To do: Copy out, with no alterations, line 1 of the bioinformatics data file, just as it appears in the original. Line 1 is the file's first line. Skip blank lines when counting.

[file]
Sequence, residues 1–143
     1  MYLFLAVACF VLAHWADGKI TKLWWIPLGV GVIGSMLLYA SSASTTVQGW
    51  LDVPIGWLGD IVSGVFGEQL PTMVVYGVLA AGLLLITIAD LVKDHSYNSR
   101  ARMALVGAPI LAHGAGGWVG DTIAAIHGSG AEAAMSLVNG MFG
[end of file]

Sequence, residues 1–143